We’ve all had them. Those conversations that stick with us long after they are over.
Looking back on my career so far, I’ve had a handful of conversations that have pushed me to grow and have helped shape the businesswoman I am today.
As I made my way to the executive suite at our corporate headquarters, I was excited. I had a meeting with our Chief Operations Officer Kye Mitchell – someone whom I’ve looked up to for years. This was the first opportunity I had to spend time with her one-on-one, and I was ready to soak up all I could.
Smiling, as usual, Kye welcomed me into her office. After some pleasant small talk, we dove right in.
Kye, if you could talk to Kye Mitchell at 20 years old, what would you tell her?
The biggest lesson I wish I would have heeded when I was young, whether in my personal or professional life, is to trust my gut. That little voice in you that says “don’t do this” or “you should do this” is usually right. There have been times in my life that I did not trust my instincts and I had to deal with the consequences. I knew something was off, but chose to ignore it – and then paid the price. It took me until I hit 30 years old to understand that my gut was right 99 out of 100 times. Even today, when I don’t listen to my gut instinct about a person, I usually end up regretting it. Trust your instincts.
Is trusting one’s instincts a skill that improves over time?
Yes. Learning comes through life experiences and professional maturity. I think people who succeed in this business are naturally highly intuitive. They know how to read people, but they may not listen to their inner voice. People in the beginning of their career need to learn to pick up on signals when something doesn’t seem right, and then be proactive in exploring the situation further.
Do you think younger professionals may be nervous to speak up?
Some younger people may be intimidated and not talk to their manager when something feels off. It takes courage to bring up a topic that is potentially uncomfortable. However, if something is off, it is your responsibility to get on the phone or meet with your leader and discuss. After all, a good manager will always be available to listen to his or her employee. It’s important to keep an open line of communication.
Conversations between employees and managers can be tough to navigate – especially when providing and accepting feedback.
I think a lot of us are performance-driven people, and feedback discussions can be particularly challenging. If you are a top performer and are used to “getting all A’s” and then you get a “B-,” it can devastate you. This happened to me when I was young, and the way I responded made my manager quit the performance review! [laughs] He had to stop the conversation.
That’s happened to me before too! I agree with you that the better the relationship is between the employee and manager, the better the employee will take that feedback.
Yes! When you’ve established an authentic relationship with your employee, then when it’s time to deliver feedback, the employee knows it’s coming from a good place. This applies to other relationships too – whether it’s a recruiter giving feedback to a candidate, or an account manager giving it to a client, the better the relationship you have, the better the feedback will be received.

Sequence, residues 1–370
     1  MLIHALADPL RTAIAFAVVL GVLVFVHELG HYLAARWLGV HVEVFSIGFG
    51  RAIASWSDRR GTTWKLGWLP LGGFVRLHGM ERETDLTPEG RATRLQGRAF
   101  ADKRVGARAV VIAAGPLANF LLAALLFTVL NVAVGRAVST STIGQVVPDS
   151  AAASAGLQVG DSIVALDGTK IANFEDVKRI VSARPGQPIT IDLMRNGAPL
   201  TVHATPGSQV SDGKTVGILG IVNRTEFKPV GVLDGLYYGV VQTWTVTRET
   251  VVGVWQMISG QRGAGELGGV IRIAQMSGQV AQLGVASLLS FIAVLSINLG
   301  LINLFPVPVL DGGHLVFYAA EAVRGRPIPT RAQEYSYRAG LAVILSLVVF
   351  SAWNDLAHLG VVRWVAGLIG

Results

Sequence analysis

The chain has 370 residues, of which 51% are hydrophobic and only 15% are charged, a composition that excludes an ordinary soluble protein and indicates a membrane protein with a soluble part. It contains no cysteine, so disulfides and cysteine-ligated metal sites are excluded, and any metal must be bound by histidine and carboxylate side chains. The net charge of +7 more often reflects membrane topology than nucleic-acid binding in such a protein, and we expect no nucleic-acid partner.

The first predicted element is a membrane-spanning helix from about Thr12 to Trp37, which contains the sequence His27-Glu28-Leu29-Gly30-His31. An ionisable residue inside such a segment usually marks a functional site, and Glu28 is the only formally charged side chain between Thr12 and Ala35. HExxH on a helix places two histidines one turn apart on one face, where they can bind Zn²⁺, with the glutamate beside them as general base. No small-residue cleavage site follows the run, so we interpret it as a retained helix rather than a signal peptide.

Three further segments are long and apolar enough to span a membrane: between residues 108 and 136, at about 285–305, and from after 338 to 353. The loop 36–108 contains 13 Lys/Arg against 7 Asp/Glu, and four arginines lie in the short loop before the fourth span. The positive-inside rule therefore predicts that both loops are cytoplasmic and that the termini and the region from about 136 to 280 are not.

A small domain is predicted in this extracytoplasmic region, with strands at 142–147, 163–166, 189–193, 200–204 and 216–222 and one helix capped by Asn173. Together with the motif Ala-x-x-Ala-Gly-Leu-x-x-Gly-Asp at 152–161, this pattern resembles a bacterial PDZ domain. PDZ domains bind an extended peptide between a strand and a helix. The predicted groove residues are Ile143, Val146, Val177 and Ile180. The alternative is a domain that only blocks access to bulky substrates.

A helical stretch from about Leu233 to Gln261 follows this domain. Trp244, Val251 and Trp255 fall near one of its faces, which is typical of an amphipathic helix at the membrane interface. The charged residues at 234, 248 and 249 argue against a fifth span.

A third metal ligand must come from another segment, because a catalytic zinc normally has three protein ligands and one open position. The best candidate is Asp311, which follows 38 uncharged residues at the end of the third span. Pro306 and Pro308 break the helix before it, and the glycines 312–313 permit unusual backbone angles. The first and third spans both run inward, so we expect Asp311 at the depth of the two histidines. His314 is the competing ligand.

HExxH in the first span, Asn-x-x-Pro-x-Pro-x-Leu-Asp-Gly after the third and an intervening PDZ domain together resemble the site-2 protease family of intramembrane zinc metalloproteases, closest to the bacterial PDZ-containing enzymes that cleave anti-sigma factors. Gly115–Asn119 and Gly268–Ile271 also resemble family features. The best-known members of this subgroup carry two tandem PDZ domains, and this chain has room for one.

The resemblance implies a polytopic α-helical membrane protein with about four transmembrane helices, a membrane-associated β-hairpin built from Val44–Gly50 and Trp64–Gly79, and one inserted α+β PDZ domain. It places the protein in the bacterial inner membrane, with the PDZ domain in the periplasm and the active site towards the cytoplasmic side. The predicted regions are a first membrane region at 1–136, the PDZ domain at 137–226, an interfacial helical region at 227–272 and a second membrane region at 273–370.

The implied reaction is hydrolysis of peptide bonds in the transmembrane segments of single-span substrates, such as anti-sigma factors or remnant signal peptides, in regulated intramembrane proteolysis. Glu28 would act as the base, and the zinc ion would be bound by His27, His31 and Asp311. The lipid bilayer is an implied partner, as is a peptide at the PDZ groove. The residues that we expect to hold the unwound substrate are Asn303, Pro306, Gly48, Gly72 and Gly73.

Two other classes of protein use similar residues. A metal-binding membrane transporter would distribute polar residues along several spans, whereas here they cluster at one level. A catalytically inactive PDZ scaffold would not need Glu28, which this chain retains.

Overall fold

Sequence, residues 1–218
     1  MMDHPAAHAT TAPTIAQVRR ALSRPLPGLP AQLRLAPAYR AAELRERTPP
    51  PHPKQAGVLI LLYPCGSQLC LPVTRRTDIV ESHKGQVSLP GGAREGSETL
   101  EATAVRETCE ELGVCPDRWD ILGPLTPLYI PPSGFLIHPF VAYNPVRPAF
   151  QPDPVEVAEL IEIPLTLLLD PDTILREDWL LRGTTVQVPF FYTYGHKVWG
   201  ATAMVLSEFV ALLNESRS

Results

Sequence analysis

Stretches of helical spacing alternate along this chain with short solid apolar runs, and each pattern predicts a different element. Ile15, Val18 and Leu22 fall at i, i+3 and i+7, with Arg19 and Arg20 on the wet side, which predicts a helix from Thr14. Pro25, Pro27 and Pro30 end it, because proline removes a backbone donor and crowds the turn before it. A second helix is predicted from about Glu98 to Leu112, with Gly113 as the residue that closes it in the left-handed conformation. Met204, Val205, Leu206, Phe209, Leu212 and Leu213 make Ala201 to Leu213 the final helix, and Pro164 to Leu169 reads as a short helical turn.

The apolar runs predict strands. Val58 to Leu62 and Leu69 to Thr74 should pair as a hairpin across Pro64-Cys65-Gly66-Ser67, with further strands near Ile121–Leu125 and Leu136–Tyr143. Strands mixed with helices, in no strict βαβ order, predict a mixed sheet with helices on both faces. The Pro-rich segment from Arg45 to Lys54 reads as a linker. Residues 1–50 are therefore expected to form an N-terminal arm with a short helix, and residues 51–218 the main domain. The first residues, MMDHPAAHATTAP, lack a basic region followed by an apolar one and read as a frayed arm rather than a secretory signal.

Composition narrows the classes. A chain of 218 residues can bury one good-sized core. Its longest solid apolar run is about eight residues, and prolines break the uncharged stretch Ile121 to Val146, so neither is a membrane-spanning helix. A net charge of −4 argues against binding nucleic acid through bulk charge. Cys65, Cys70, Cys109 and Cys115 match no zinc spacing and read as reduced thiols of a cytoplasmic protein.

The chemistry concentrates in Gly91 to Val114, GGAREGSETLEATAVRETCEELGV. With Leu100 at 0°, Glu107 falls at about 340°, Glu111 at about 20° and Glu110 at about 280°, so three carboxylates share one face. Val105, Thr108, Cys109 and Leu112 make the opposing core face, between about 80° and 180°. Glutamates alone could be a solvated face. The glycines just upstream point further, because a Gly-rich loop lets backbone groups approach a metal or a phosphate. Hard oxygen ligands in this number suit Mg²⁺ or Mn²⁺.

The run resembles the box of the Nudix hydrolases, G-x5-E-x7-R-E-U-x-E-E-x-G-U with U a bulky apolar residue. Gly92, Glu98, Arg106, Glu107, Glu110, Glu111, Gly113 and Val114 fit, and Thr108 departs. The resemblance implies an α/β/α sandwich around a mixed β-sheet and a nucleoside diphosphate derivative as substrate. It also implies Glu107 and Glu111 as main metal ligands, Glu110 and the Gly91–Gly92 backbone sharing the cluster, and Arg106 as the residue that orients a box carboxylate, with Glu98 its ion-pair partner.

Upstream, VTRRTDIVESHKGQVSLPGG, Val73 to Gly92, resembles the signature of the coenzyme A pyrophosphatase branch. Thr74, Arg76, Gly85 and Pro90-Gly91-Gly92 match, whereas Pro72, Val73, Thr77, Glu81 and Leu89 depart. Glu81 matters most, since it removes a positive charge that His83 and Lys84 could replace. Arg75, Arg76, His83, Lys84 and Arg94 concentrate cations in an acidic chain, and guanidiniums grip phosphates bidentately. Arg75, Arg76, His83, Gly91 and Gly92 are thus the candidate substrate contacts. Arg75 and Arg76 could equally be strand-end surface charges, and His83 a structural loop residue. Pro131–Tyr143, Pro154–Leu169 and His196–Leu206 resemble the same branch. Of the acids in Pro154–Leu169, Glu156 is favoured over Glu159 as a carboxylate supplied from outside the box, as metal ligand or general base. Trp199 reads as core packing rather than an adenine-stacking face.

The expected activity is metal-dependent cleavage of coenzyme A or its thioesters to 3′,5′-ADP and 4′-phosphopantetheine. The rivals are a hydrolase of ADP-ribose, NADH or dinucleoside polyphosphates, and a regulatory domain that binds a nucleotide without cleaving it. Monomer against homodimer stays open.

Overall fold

What should managers say when providing feedback to employees?
I’d say something like “I really like what you’re doing here, and here is how I think you could improve in this area. If you improve, you’re going to be unstoppable and take it to the next level.” I have told employees that I care about them, and that’s why I am bringing it up. I have even told them the conversation is uncomfortable for me too, but I truly want the employee to get better, so that’s why we need to talk about it. You need to have trust in the relationship so both people can be their authentic self.
Kye, you’ve obviously been successful in your career. How do you push yourself to improve?
I love it! Who taught you how to do that?
I don’t even remember who it was now! [laughs] But it really stuck with me. It’s important to take notes, write things down, think it through. This can be especially critical for leaders who manage a large group of people. It is on them to take responsibility to learn and improve their skills. When I’ve trained new sales leaders, I’ll ask them what two things they did well in a meeting, and what is one thing they could do better next time.
That sounds like an effective training method.
It’s a valuable way for leaders to frame the conversation with people they are working with. It helps establish trust in the relationship. It also works well with our customers. We can’t take it for granted that our customers love us – we need to communicate how much we appreciate the opportunity to work with them, and ask them “What are a couple of things we are doing well, and what are a couple of areas in which we need to improve?” And then listen to everything the customer is telling you.
What career advice do you have for our readers?
Well, all of the above [laughs]. Also, constantly learning, practicing, and taking copious notes. Being authentic in your relationships and persevering. Persevering is the key to making it! This business can knock you down like a wave, or it could pull you in. Sometimes you’ve got to swim horizontally before coming back to shore. Technology changes, business changes, and to be successful you’ve got to evolve with the times. People won’t always treat you with grace, but you must keep moving. You’ll hit brick walls in your career – but the only way to prove to yourself you can get up and over that wall is to persevere through adversity.